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Please Mind Your Lunch

Happy Monday, and welcome to the first weekly Zense message of the month (if you have no idea what I’m talking about, skim through the March newsletter here!)

mindful lunchToday’s topic – your nostrils and taste buds, the amazing duo responsible for elevating your dinner from a chore to a party in your mouth. On any given day, you can chose to consume food to suppress hunger, or actively participate in the incredibly fulfilling and delightful experience that is eating. Unfortunately, our busy schedules rarely allow us the time to do the latter, and more often than not we find ourselves  scarfing down a cold sandwich at our desks while finishing up a presentation or mindlessly chowing down (on something that looks like food) while driving to our next activity.  With so much to do, who has time to actually experience eating?

I’m willing to bet the most overlooked meal is lunch, as it’s right smack in the middle of our busiest time of day. But you know what? There are reasons, really good reasons, to start changing your perspective on the often neglected lunch hour from a luxury you can’t afford to the mid-day productivity boost you can’t afford to miss. Here are a few to whet your appetite:

1. Maintain healthy weight. During the past 20 years, studies have found that mindful eating can help you to 1) reduce overeating and binge eating, 2) lose weight and reduce your body mass index (BMI), 3) cope with chronic eating problems such as anorexia and bulimia, and 4) improve the symptoms of Type 2 diabetes. Taking time for lunch allows you to make healthier food choices, consciously control portions, and actually activate your taste buds. Savoring your meal will increase your overall satisfaction and reduce sugary cravings later in the afternoon. Mindless eating means extra calories, less energy, and a sprinkling of food guilt….boooo.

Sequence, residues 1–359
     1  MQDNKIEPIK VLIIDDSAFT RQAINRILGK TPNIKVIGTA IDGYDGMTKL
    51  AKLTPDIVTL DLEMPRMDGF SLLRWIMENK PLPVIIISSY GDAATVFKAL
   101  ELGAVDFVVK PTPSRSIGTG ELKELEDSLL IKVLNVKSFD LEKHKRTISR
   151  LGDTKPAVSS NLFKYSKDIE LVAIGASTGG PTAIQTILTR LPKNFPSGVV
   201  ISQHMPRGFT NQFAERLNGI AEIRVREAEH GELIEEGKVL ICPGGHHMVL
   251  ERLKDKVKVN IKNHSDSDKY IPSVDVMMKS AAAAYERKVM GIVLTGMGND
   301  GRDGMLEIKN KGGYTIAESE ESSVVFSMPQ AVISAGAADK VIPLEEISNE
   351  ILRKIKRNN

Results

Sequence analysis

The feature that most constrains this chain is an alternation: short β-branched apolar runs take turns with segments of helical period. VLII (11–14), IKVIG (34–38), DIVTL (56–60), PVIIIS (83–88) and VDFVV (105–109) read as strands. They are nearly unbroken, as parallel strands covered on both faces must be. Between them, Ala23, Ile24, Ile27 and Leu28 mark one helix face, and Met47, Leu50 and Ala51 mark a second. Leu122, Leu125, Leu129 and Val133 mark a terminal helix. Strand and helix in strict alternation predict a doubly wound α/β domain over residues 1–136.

2. Improve performance. The adult attention span is only about 45 minutes long, and our bodies were not made to sit for hours at a time without a stretch. When we don’t give our body what it needs, it starts working against us and we become less efficient, personable, and productive as a result. Intentionally savoring a meal is one of the easiest ways to clear your head and recharge.  Sacrificing lunch = sacrificing performance.

3. Encourage mindfulness in other areas of your life. Driving all of your attention to the flavors and textures of the food you are consuming is a great way to connect back to the present moment. Over time, this practice of engaging fully with what you are doing can start rubbing off on other activities. A mindful life is a richer life, allowing us to experience things in full color instead of a blur as we rush on by.

Ok, you’re sold…but how does one practice mindful eating? Just invite your nose and tongue to the party, and put your brain on time-out.

mindful lunch 2Before you put something in your mouth, take in the aromas of your meal and try to register all of the spices and flavors that are mixed in there. Take one bite at a time and fully finish before taking the next bite (as in don’t even load up your fork until you’re really done). As you eat, connect with the texture of your food, and again, register the rich flavors that your taste buds are detecting. Take full breaths in through the nose as you chew, enhancing the taste of your food. Maybe close your eyes and engage fully with your bite, as if it were the last bite you might ever take. And every once in a while, stop and consider if you are full or not, listening to what your body is really telling you.

I know this sounds a bit dramatic, but it’s actually a life-changing practice worth trying. It may take some time, but eventually you’ll be able to do this without anyone else knowing that you’re having a religious experience with your food while they mindlessly chatter away.

Your challenge is to try this out at least once this week. Let me know how it goes!





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